Sunday, September 9, 2007

Chinese Water Dragon

This dragon is a chinese water dragon, you can see the pads of water lily plants where his feet should be. He belongs on an old silk piano cover, (probably 200 years old) and is surrounded by beautifully embroidered chrysantheums. Fine grey silks on a background of cream, he hangs in the hall hopefully to bring good luck on the house. The myth legends of chinese water dragons can be found on Wikipedia, interestingly he is supposed to have formed from the long fish, or carp. And is said to swim upstream battling against all odds to reach the dragon gate. This is a bit like our salmon, swimming each year upstream of our rivers to spawn in quiet waters. Again the celtic salmon is a fish of knowledge and a very important symbolic element in celtic tales, though he has not turned into a dragon.
The chinese water dragon is also found in Chinese neolithic depictions and has a long history and a diverse upbringing. A five toed dragon belongs to the Emperor, four toes to his courtiers and a three-toed dragon belongs to the ordinary people. It would have been a treasonable offence to depict a five toed dragon.

Other Dragons

An Anglo Saxon Dragon - Beowulf slaying Grendel in his barrow...

The king once more
took command of his wits, caught up a stabbing-knife
of the keenest battle-sharpness, that he carried in his harness;
and the Geats' Helm struck through the serpent's body.
So daring drove out life: they had downed their foe
by common action, the atheling pair,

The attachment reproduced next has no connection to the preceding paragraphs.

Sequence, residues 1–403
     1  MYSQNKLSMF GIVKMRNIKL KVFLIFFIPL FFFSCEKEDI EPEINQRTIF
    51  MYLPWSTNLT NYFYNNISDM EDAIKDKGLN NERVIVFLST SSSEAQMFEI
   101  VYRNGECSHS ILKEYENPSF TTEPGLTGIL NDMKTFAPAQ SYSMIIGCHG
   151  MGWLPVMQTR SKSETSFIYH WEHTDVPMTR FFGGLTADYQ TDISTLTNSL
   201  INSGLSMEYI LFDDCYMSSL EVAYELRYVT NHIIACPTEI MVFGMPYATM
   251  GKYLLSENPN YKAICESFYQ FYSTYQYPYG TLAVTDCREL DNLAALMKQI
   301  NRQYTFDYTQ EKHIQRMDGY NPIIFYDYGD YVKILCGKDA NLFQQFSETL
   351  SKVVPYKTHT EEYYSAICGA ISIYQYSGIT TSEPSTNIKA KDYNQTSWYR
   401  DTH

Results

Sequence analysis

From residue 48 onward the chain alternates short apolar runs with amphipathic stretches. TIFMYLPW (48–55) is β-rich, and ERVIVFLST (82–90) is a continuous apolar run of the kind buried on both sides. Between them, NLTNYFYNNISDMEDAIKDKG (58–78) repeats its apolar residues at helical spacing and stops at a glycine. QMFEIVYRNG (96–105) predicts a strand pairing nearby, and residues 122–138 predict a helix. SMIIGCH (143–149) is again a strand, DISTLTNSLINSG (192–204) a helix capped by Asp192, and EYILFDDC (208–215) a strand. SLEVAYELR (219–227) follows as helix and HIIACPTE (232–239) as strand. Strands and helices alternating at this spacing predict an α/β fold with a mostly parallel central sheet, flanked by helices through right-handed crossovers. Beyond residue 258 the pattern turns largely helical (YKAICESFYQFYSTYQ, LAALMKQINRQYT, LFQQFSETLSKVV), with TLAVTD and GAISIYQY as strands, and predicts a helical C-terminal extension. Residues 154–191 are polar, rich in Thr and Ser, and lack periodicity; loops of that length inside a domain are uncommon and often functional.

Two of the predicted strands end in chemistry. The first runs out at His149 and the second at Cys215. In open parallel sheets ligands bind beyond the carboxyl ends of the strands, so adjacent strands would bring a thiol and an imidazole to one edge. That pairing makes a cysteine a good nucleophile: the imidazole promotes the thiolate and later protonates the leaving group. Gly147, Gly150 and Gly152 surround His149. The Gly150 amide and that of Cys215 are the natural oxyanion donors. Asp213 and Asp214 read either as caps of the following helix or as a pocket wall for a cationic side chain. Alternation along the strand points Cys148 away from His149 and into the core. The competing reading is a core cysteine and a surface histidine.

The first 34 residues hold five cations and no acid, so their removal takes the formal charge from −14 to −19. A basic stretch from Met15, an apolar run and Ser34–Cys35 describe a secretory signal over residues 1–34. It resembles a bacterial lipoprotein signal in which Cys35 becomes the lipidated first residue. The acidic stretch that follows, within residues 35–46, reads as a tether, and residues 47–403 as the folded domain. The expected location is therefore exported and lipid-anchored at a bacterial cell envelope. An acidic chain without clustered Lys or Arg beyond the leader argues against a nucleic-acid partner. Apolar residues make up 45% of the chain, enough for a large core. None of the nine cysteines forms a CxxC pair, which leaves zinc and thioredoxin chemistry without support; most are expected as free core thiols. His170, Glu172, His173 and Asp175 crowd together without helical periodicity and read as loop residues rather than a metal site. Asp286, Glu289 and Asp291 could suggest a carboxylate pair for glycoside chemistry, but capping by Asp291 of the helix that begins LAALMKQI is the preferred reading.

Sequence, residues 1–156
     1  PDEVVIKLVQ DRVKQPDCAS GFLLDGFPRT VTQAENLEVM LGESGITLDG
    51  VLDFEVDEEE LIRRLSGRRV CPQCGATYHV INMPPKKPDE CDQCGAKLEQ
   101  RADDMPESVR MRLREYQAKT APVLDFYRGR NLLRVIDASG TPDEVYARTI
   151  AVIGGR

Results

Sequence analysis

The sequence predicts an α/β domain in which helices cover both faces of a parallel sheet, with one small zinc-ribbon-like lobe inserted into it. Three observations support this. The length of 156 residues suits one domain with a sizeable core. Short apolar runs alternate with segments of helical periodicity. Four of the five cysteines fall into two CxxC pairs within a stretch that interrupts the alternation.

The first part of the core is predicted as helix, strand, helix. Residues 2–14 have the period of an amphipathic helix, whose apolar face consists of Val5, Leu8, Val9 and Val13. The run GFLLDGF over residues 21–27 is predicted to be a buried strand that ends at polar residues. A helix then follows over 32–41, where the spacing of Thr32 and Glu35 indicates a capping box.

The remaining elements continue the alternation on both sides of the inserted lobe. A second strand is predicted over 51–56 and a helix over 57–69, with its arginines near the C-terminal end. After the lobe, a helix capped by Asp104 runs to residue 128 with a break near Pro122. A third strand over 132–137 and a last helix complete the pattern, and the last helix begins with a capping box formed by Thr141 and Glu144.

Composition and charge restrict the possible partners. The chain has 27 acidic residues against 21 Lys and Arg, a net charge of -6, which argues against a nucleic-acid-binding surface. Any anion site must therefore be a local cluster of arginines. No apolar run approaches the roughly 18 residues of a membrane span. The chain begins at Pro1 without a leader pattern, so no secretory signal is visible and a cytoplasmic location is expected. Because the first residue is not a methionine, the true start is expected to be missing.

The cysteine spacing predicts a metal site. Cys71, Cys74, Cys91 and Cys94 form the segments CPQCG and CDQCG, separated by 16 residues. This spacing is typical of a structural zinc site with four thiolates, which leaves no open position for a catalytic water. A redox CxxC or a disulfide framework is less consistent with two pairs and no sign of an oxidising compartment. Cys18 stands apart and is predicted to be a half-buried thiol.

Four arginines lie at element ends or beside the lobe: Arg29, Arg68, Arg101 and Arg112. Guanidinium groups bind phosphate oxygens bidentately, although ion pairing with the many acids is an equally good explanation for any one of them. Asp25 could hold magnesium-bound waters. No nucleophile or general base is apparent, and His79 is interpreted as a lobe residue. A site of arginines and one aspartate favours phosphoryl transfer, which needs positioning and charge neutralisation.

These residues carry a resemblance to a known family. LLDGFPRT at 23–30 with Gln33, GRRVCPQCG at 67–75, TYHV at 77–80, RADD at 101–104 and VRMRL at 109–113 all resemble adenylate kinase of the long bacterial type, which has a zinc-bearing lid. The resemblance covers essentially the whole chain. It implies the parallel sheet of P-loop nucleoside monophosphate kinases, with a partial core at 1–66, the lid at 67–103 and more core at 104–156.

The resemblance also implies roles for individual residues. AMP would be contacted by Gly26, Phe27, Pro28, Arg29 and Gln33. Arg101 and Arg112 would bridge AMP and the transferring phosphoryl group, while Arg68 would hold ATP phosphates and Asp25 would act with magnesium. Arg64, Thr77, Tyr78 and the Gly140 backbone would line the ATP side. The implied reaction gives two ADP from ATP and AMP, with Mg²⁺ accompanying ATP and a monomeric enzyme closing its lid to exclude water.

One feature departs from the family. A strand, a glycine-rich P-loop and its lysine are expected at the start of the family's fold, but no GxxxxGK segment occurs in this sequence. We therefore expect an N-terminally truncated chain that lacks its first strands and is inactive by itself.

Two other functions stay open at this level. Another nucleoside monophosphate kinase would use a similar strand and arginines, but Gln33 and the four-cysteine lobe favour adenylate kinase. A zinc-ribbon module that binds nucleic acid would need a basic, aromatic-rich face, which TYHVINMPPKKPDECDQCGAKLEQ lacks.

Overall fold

and had made an end of him.

The Welsh Dragon, or Red Dragon.

At Dinas Emrys, the traditional site of Vortigen, it is said that a great battle took place between the red dragon of Wales and the white dragon of the Saxons.
Vortigen wanted to lay the foundations of his new capital at Dinas Emrys but every time stones were laid they all disappeared. Merlin, or Myrddin the young magician told the king the reason why. Apparently beneath the ground was a pool, and in the pool was a tent with two dragons sleeping there, if you waken them they will fight. And so, it is said, the two dragons woke up and began fighting the white dragon of the Saxons and the red dragon of the Cymru, they writhed about until they eventually disappeared from the hill. So that is why Dinas Emrys is a wooded tump and the red dragon lives, with only minor excursions from the saxons as they buy their holiday homes in Pembrokeshire and live fairly amicably with their welsh neighbours.

From; The adventures of Tom Bombadil

There was an old dragon under gray stone;
his red eyes blinked as he lay alone.
His joy was dead and his youth spent,
he was knobbed and wrinkled,
and his limbs bent in the long years to his gold chained;
in his heart's furnace the fire waned.
To his belly's slime gems stuck thick,
silver and gold he would snuff and lick:
he knew the place of the least ring
beneath the shadow of his black wing
Of thieves he thought on his hard bed,
and dreamed that on their flesh he fed,
their bones-crushed, and their blood drunk:
his ears drooped and his breath sank.
Mail-rings rang. He heard them not.
A voice echoed in his deep grot:
a young warrior with a bright sword
called him forth to defend his hoard.
His teeth were knives, and on horn his hide,
but iron tore him, and his flame died.

Professor J.R.R.Tolkien

This is a fairly common medieval story of dragons, hoarding their gold waiting for the knight in shining armour to vanquish the poor old dragon....

Folklore and Myths about dragons

This is one of the dragons to be found on the font of St.James Church at Avebury, a christ like figure is depicted with two dragons at his feet, though I must admit finding only one dragon. The font is an earlier saxon font with later Norman embellishments, the arcading below the dragon is reminiscent of Norman blind arcading to be found at Malmesbury Abbey.

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